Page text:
Assignment #3 Build a simple ray tracer


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Computing Science CMPT 361

Assignment #3 (30 marks)
Programming part due: April 6, Wednesday, at 11:59 pm.
Problem 1 (30 marks): Build a simple ray tracer
You will be building a ray tracer. It starts with a simple version that works on scenes consisting
only of spheres, and gets expanded to include shadows, reflection, refaction, texture mapping,
and supersampling. For bonus marks, its features can be expanded to handle arbitrary
polygonal environments in an efficient manner.
In all cases, you may work with just a single light source. You can add any number of additional
light sources if you wish, but it is not required.
You can begin with the skeleton code provided on our website.
Read the code and the comments carefully so that you would know exactly where the changes
are to be made. Use “make raycast” to create an executable called raycast. The program
requires between 2 to 8 command line arguments:
./raycast [–u | –d] step_max <options
The option –u (user) should be used if you want to render a scene you created (to be defined
in the function set_up_user_scene() in scene.cpp). To render the default scene, defined in
the function set_up_default_scene() in scene.cpp, use –d. The next argument is an integer
that specifies the number of recursion levels. For example, when step_max = 0, then no
reflected or refracted rays are to be cast. The remaining arguments can be used to turn on
different features of your raytracer. The default, if no flag is provided, is to turn the feature
off. There are a total of six features:
• +s: inclusion of shadows
• +l: inclusion of reflection
• +r: inclusion of refraction
• +c: inclusion of chess board pattern
• +f: enabling diffuse rendering using stochastic ray generations
• +p: enabling super-sampling
For example, the following command produces a ray-traced image, with 5 levels of recursion,
of the default scene with a chess board and it includes shadows, reflections, and refractions.
No supersampling or stochastic ray generation are provided.
./raycast –d 5 +s +r +l +c +r
Note that the option arguments do not have to be specified in any particular order. Ways to
specify the material properties of the spheres, the light source, and other scene parameters
should be clear from the skeleton code sphere.h, sphere.cpp, raycast.cpp, and scene.cpp.
You should define the sphere geometry. Many global variables are used in the program to
simplify things for teaching purposes, but this is poor programming practice. Also, this is code
from a previous instructor, and there is no guarantee that it will be bug-free. Please report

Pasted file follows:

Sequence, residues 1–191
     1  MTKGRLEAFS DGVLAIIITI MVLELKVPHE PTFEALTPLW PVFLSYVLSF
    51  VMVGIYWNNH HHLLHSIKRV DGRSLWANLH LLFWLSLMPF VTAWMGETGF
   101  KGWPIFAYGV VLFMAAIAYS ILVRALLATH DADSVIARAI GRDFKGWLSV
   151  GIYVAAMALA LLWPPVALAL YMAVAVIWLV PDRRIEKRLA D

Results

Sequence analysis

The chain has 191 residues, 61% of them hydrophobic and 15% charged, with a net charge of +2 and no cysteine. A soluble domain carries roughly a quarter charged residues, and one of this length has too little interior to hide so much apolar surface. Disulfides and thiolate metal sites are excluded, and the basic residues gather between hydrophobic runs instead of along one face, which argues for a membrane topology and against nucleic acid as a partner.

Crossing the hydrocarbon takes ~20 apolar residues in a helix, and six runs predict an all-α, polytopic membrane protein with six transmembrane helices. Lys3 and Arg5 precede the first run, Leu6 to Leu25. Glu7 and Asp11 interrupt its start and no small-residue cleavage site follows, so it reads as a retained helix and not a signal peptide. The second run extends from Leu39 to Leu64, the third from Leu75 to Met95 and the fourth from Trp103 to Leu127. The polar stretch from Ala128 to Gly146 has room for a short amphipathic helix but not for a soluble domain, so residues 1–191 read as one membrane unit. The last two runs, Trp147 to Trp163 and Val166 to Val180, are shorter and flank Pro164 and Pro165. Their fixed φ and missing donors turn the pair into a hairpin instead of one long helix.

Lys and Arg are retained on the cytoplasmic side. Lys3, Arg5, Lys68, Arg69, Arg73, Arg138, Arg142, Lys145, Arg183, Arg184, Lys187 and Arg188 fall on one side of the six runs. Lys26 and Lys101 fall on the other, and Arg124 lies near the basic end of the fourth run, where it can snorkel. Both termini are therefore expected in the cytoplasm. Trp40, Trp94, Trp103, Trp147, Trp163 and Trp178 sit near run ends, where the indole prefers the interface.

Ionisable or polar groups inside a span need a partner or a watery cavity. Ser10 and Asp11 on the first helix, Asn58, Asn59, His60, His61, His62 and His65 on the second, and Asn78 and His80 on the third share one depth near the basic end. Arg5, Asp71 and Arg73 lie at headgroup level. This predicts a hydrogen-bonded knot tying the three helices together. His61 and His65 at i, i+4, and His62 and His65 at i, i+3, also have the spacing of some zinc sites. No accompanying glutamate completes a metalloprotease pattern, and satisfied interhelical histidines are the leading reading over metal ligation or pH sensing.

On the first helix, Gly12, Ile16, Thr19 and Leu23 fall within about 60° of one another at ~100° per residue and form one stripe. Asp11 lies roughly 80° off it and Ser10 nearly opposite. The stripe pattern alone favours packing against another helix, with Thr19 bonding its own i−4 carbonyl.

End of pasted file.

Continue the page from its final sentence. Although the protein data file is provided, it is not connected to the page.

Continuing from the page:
any problems you experience to me, the TA, or the course mail list.
Your tasks: You should complete the following tasks in order.
Computing Science CMPT 361 Spring 2016
Instructor: Tom Shermer Simon Fraser University
1. [8 marks] Ray-sphere intersection and local reflectance: Complete functions (defined in
the files sphere.h and sphere.cpp) which determine the first sphere that the ray intersects for
visibility. Also, implement the ray tracer to support visible surface ray tracing using Phong’s
local illumination model, shown below, in trace.cpp. You should use the following model to
color a pixel:
𝐼 = 𝐼𝑎𝑘𝑎 + ∑
𝑎 + 𝑏𝛥 + 𝑐𝛥
(𝑛 ⋅ 𝑙𝑚) + 𝑘𝑠
(𝑟𝑚 ⋅ 𝑣)
This is the simplified Phong model where the light falloff factor is taken into consideration. 𝛥
is the distance between the light source and the point on the object. As stated above, you
may use L=1. Do not change the eye position or the placement of the image plane. The image
size and its resolution can be altered as you wish.
You should complete this part of your program first and test it using:
./raycast [–u | –d] 0
2. [4 marks] Shadows: Next, implement shadows in your ray tracer. Add a shadow multiplier
𝑆𝑚for each light source m you have; let 𝑆𝑚be 0 if the object is in shadow from light m, and 1
if it is not.
𝐼 = 𝐼𝑎𝑘𝑎 + ∑
𝑎 + 𝑏𝛥 + 𝑐𝛥
(𝑛 ⋅ 𝑙𝑚) + 𝑘𝑠
(𝑟𝑚 ⋅ 𝑣)
This part can be tested using the command:
./raycast [–u | –d] 0 +s
3. [4 marks] Reflections: Augment your ray tracer to take into consideration of directly
reflected light. The material property “reflectance” of a sphere (see sphere.h) specifies how
much reflected light should contribute to the color of a pixel.
𝐼 = 𝐼𝑃ℎ𝑜𝑛𝑔 + 𝑘𝑟 ∗ 𝐼𝑟
where 𝐼𝑃ℎ𝑜𝑛𝑔 is the pixel color computed using the shadowed Phong model (in part 2 above),
is the object’s reflectance, and 𝐼𝑟
is the reflected light accumulated through recursive ray
tracing. This part of your program can be tested using the command:
./raycast [–u | –d] 5 +s +l
for 5 levels of recursion, for example.
4. [4 marks] Chess board: Think about how to add a shiny planar 8×8 chess board to the
default scene with spheres. (Hint: It is probably not necessary to create 64 polygons for this).
The size of the board should be finite to save computational time. Place the chess board
appropriately with respect to the spheres so that in the ray-traced image, one is able to see
multiple interactions among them, e.g., an image of the chess board in the spheres, shadows